Some of the initiatives appear to restrict children’s rights by going further than seems sensible. A child’s right to play is not easily reconciled with local restrictions on ball games in parks – and it’s hard to feel that taking away every child’s right to buy a can of spray paint is proportionate to the harm done by graffiti – even though that was one of the reasons given for introducing the ban.

In a digital age, the goalposts appear to have changed. Parents need to parent online as well as offline, but they are faced with a multitude of challenges. Perhaps the most fundamental is the fact that their children are free to sign up for services at any age without parental consent. This includes services that say they are for thirteen year-olds and above, because as any internet user knows, those services make no attempt to verify a child’s age.

Whilst a parent can inform a service that their child is too young to use it, far too many sites make it extremely difficult to find out how to do so. It’s typically extremely difficult to find that information even on some of the largest and most popular sites with children.  One of the consequences of this parental disempowerment is that many parents treat age ratings as though they were little more than a guide. If services don’t enforce them why should parents? In fact, some parents actively choose to help their children create accounts before they are old enough because they feel unable to swim against the overwhelming force of numbers.

If every child in a school is on a platform it is difficult to be the one parent who says no. It’s also potentially risky because, as we know, children look for ways around rules and by saying no, you risk your child doing it anyway and you not being involved. This in turn gives large companies the opportunity to say that they are unable to enforce their policies because parents choose to ignore them. A curious notion, and one that wouldn’t cut much ice with a shop that sold cigarettes to a minor because their mum said it was OK.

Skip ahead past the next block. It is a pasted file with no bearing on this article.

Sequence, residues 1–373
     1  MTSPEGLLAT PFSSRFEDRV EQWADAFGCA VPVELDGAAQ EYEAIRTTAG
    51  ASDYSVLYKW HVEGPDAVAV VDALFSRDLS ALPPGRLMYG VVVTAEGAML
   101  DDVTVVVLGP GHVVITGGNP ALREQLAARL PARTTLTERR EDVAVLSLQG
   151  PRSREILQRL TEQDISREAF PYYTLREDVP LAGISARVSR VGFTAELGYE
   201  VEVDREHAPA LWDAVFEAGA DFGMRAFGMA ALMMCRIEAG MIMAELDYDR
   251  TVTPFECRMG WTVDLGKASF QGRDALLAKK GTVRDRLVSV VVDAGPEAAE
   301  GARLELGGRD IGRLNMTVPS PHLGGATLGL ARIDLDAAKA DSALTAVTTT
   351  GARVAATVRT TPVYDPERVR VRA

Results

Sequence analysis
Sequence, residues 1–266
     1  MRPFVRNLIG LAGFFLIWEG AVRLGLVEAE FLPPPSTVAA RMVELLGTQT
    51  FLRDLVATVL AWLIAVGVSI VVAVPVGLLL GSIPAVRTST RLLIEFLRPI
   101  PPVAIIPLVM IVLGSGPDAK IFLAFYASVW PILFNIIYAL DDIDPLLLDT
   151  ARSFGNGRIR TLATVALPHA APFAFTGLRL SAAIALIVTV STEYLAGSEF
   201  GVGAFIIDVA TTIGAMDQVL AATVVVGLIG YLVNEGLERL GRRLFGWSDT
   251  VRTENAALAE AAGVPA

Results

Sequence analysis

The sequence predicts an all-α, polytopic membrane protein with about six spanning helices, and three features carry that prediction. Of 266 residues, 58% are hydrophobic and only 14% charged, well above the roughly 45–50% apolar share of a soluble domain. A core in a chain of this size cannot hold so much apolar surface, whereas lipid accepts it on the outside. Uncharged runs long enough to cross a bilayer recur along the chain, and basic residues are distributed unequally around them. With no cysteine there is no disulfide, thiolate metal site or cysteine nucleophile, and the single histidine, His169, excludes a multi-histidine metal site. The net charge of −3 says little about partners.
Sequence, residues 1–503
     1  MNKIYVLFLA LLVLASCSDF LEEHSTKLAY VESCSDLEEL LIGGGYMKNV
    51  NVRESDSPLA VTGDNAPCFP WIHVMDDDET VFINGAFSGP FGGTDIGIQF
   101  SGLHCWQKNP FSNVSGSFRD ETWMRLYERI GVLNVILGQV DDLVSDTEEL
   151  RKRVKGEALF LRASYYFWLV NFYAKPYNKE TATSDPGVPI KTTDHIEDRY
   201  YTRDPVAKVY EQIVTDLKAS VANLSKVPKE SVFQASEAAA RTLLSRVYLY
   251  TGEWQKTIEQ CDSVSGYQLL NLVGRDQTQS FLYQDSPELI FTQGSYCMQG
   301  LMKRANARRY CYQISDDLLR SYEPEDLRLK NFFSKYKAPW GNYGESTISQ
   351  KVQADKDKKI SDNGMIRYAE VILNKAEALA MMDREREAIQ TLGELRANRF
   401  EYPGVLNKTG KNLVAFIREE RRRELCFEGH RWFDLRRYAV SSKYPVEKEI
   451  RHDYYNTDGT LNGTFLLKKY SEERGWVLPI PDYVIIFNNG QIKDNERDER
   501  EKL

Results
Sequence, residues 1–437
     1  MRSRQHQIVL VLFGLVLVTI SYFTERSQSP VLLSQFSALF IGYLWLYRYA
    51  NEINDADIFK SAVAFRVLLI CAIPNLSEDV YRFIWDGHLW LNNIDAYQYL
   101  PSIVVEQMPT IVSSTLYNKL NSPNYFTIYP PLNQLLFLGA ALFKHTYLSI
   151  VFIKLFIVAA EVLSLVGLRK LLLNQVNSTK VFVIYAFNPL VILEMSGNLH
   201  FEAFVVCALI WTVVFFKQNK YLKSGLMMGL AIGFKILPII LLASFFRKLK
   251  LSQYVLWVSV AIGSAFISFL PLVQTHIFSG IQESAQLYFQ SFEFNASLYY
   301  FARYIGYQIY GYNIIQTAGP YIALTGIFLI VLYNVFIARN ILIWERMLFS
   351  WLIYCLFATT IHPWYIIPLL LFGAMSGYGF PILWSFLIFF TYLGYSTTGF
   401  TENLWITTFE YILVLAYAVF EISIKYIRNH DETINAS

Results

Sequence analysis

Will the GDPR resolve these problems or make them worse?

Policy makers are increasingly interested in the concept of digital resilience.  Evidence suggests that attempts to restrict children’s access to the internet is not the best way to help them become resilient.  In fact, allowing young people to explore online spaces with the support and understanding of the adults around them appears to be a far more effective way to equip them with the skills they need to do so safely.  By requiring parental consent, the risk is that we encourage more children to lie about their age and to hide their illicit online activity.

But perhaps the reality will be different. Perhaps by giving parents a full and proper role in guiding their children and by forcing services to recognise that the internet is a space that needs to include appropriate safeguards for children, we will see a healthier, family-friendly ecosystem. At the very least it would mean that when a parent is concerned about the safety of their child on any given service they will be able to intervene and not be told that the service can only communicate with the user – their child.

This post gives the views of the author and does not represent the position of the LSE Media Policy Project blog, nor of the London School of Economics and Political Science.